History of Nursing in Pacific Canada

The Vancouver Medical Association Bulletin: July, 1954 Vancouver Medical Association Jul 31, 1954

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 T H E
The Vancouver Medical Association
dr. j. h. MacDermot
DR.   H.  A.  DesBRISAY
Publisher and Advertising Manager
DR.   J.   H.  B.   GRANT
Dr. j. l. McMillan
JULY, 1954
Dr. J. Howard Black
OFFICERS 1954-55
Dr. F. S. Hobbs
Dr. D. S. Munroe
Past President
Dr. R. A. Gilchrist
Hon. Treasurer
i Dr. G. E. Langley
Hon. Secretary
Additional Members of Executive:
Dr. A. F. Hardyment Dr. Paul Jackson
Dr. G. H. Clement Dr. Murray Blair Dr. W. J. Dorrance
Auditor: R. H. N.  Whiting, Chartered Accountant
Eye, Ear, Nose and Throat
Dr. W. Ronald Taylor Chairman Dr. R. S. Grimmett Secretary
Dr. E. S. James Chairman Dr. G. R. Gayman Secretary
Orthopaedic and Traumatic Surgery
Dr. W. H. Fahrni Chairman Dr. J. W. Sparkes... Secretary
Neurology and Psychiatry
Dr. T.  G. B. Caunt.
Dr. J. R. Wilson Secretary
Dr. H. H. Brooke Chairman Dr. S. Miller Secretary
Dr. R. J. Cowan, Chairman; Dr. W. F. Bie, Secretary; Dr. D. W. Moffat ;
Dr. C. E. G. Gould; Dr. W. C. Gibson; Dr, M. D. Toung.
Summer School
Dr. Max Frost, Chairman: Dr. E. A. Jones. Secretary; Dr. S. L. Williams;
Dr. J. A. Elliot ; Dr. Robert Goublay ; Dr. G. C. Walsh
Medical Economics
Dr. E. A. Jones, Chairman; Dr. W. Fowler, Dr. F. W. Hurlburt, Dr. R. Langston,
Dr. Robert Stanley, Dr. Charles Battle, Dr. S. Kaplan
Dr. J. C. Grimson, Dr. E. O. McCoy, Dr. D. S. Munroe
V.O.N. Advisory Committee
Dr. D. M. Whitelaw, Dr. R. Whitman, Dr. R. A. Stanley
Representative to the Vancouver Board of Trade (Health Committee) : Dr. F. S. Hobbs
Representative to the Greater Vancouver Health League: Dr. F. S. Hobbs
Published   monthly   at  Vancouver,   Canada.     Authorized   as   second   class  mail,   Post   Office  Department,
Ottawa, Ont.
Page 389 For the Peptic Ulcer Patient
AMPHOJEL helps patients sleep by neutralizing acid promptly . . .
promoting pain relief through the night. A double dose at bedtime
will effectively control "night pain" in most patients.
AMPHOJEL is a double gel—one reactive, for immediate buffering of gastric
acid; the other, demulcent, for prolonged coating of the gastric mucosa—
protection for the granulation tissue in the ulcer crater.
»il <Ti__t
Available: Amphojel Plain—Bottles of 12 fl. ozs. and 1 Imp. Gal.
Amphojel Unflavoured—Bottles of 12 fl. ozs.
Amphojel with Magnesium Trisilicate—
Bottles of 12 fl. ozs.
Amphojel with Mineral Oil—Bottles of 12 fl. ozs. and
1 Imp. Gal.
Amphojel Tablets—Bottles of 50 and 500
Regular Weekly Fixtures in the Lecture Hall
Monday, 8:00 a.m.—Orthopaedic Clinic.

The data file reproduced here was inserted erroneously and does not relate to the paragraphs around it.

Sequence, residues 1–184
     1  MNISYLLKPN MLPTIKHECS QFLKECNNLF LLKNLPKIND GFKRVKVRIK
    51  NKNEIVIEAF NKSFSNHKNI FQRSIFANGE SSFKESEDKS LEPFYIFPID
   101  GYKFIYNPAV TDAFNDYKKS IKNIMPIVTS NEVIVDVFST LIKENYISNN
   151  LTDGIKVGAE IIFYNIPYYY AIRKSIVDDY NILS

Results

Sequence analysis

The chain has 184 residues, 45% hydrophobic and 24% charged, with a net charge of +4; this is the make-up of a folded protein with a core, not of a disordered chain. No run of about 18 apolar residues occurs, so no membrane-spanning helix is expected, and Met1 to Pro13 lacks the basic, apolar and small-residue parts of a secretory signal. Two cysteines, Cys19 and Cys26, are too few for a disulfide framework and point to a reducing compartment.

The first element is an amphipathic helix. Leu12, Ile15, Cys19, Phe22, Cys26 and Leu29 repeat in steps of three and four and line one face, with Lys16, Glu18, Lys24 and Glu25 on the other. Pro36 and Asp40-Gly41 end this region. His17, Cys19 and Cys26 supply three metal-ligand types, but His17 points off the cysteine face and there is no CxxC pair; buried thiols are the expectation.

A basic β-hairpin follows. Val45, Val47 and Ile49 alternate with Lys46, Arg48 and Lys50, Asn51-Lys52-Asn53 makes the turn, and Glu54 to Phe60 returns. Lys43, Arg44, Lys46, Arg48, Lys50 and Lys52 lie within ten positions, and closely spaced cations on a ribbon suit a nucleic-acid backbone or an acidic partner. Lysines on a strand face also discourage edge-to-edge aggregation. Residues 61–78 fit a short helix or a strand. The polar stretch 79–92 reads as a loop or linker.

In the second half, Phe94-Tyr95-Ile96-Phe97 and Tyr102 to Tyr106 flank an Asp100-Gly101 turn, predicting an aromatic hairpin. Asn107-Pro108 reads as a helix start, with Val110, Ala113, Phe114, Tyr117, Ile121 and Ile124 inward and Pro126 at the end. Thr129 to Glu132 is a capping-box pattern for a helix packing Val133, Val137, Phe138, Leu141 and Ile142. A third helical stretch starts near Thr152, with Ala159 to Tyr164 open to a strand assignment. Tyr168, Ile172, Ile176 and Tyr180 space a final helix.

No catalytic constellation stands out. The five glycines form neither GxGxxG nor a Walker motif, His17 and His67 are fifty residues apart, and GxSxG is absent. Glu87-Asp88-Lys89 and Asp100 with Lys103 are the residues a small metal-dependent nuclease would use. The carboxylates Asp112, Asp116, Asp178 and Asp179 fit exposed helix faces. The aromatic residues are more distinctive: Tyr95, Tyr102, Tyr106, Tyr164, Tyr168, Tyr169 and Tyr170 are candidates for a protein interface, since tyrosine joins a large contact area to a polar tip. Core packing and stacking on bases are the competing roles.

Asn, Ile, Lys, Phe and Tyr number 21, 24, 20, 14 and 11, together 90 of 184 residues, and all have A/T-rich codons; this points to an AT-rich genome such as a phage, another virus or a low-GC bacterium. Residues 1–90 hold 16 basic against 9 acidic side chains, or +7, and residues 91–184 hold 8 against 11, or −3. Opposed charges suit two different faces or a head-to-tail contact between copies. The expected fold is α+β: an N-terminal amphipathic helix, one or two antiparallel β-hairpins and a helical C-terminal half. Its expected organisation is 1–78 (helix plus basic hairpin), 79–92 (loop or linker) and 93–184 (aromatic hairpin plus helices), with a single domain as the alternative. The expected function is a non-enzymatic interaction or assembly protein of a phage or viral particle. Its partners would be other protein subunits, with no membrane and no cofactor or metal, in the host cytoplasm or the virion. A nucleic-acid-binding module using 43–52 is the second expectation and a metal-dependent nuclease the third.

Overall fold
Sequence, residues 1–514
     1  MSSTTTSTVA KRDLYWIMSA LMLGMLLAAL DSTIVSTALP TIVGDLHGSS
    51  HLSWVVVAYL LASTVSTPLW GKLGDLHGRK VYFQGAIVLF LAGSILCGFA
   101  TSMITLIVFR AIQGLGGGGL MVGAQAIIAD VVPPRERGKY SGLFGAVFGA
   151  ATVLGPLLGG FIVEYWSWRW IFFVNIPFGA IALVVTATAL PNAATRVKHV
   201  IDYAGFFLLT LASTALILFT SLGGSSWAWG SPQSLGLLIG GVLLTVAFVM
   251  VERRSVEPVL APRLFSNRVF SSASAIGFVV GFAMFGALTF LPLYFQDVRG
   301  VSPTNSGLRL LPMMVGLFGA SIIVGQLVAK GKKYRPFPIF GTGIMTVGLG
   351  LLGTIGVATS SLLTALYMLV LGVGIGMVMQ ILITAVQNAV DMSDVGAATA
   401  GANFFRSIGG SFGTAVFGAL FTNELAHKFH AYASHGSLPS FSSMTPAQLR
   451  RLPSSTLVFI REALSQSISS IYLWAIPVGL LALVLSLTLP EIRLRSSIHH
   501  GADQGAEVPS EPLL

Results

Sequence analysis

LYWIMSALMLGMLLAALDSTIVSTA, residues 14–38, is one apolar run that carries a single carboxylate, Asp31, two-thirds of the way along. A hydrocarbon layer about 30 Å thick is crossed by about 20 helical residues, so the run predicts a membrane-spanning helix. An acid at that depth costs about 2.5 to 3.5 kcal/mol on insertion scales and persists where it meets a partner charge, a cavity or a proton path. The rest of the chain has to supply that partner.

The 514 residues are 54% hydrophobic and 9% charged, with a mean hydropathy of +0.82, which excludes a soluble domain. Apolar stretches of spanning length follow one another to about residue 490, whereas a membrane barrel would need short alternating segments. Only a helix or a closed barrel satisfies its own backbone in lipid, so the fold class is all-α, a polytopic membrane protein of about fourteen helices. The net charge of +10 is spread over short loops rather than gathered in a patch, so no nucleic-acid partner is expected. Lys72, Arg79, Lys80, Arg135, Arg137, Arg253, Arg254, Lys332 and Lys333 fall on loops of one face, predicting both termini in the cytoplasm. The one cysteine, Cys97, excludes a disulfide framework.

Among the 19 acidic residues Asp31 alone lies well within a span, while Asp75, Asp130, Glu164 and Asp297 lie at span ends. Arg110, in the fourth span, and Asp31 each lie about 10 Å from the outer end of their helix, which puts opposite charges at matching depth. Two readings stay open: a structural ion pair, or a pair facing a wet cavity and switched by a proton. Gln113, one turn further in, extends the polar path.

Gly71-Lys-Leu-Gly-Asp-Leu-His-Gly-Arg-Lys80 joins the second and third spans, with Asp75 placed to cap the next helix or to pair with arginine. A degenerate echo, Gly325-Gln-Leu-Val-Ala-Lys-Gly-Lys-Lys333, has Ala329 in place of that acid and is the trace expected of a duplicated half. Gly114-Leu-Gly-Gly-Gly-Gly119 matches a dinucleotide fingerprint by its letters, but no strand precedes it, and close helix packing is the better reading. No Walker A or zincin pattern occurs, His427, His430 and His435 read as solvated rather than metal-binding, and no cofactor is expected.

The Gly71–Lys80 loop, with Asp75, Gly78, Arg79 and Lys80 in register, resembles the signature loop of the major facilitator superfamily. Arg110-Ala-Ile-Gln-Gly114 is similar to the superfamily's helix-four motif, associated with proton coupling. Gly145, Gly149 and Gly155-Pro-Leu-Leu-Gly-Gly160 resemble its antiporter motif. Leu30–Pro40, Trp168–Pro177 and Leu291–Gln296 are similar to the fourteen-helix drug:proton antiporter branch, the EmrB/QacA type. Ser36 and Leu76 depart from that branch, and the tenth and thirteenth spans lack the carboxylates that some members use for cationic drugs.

Monday, 12:15 p.m.—Surgical Clinic.
Tuesday—9:00 a.m.—Obstetrics and Gynaecology Conference.
Wednesday, 9:00 a.m.—Clinicopathological Conference.
Thursday, 9:00 a.m.—Medical Clinic.
12:00 noon—Clinicopathological Conference on Newborns.
Friday, 9:00 a.m.—Paediatric Clinic.
Saturday,  9:00 a.m.—Neurosurgery Clinic.
Regular Weekly Fixtures
2nd Monday of each month—2 p.m - Tumour Clinic
Tuesday—9-10 a.m Paediatric Conference
Wednesday—9-10 a.m :„ - Medical Clinic
Wednesday—11-12 a.m 1 Obstetrics and Gynaecology Clinic
Alternate Wednesdays—12 noon Orthopaedic Clinic
Alernate Thursdays—11 a.m Pathological Conference (Specimens and Discussion)
Friday—8  a.m Clinico-Pathological Conference
(Alternating with Surgery)
Alternate Fridays—8 a.m . Surgical Conference
Friday—9 a.m Dr. Appleby's Surgery Clinic
Friday—11 a.m Interesting Films Shown in X-ray Department
Regular Weekly Fixtures ^r
Tuesday, 8:30 a.m.—Dermatology. Monday, 11:00 a.m.—Psychiatry.
Wednesday, 10:45 a.m.—General Medicine. ^     Friday, 8:30 a.m.—Chest Conference.
Wednesday, 12:30 p.m.—Pathology. Friday, 1:15 p.m.—Surgery.
2656 Heather Street
Vancouver 9, B.C.
MONDAY—9:00 a.m.-10:00 a.m.—Nose and Throat Clinic.
TUESDAY—9:00 a.m.-10:00 a.m.—Clinical Meeting.
10:30-12:00 noon—Lymphoma Clinic.
THURSDAY—11:00 a.m.-12:00 noon—Gynaecological Clinic.
DAILY—11:45 a.m.-12:45 p.m.—Therapy Conference.
Page 391 m pregnancy |jj
a new comprehensive
for optimal nutritive
Squibb Vitamin Mineral Supplement
Prengran  is  the   new,   comprehensive  Squibb   Vitamin
Mineral Supplement which offers protective amounts of ^
vitamins and minerals considered useful in a dietary supplement for expectant mothers. Dosage: 1 capsule t.i.d.
Supply: Bottles of 100 and 500 capsules.
1 Capsule t.i.d.
The Prengran formula:
Vitamin A                       *_&
6,000 I.U.
Vitamin D
800 I.U.
Menadione (vitamin K analog)
0.3 mg.
Thiamine Mononitrate
3 mg.
3 mg.
Pyridoxine Hydrochloride
1 mg.
15 mg.
5 mg.
Vitamin B& activity
10 mcgm.
Folic Acid
2 mg.
Ascorbic Acid
100 mg.
Calcium (elemental)
459 mg.
(as dicalcium phosphate)
Phosphorus (elemental)
354 mg.
Desiccated Liver
300 mg.
Iron (elemental)
15 mg.
(equiv. to ferrous sulfate, exsic.)
51 mg.
PRENGRAN is a registered trademark of E. R. Squibb & Sons of Canada, Limited,
2245 Viau Street, Montreal
Page 392 Some years ago the medical profession of British Columbia made history by inaugurating what has now become the Medical Services Association, M.S.A. for short.
It is worthwhile to recall the fact that this plan was originally devised, sponsored and
underwritten entirely by the medical profession, a small group of members actually
guaranteeing the scheme financially.
The rest is history. The scheme was well and soundly planned, and has become a
major industry in British Columbia, and has been of great benefit to all concerned,
doctors, employed persons, and employers of labour. But, under the terms of its charter,
its operations are limited in several ways, and to make changes in its regulations would
by now be almost impossible.
Accordingly, a new scheme is now on foot, the Medical Services Institute, which,
it is hoped, will fill the gaps and supply the needs which are left unsatisfied by the
M.S.A. This M.S.I., as it is called for short, will do three things. It will take in
employees in industry who are not covered by M.S.A. The latter cannot insure groups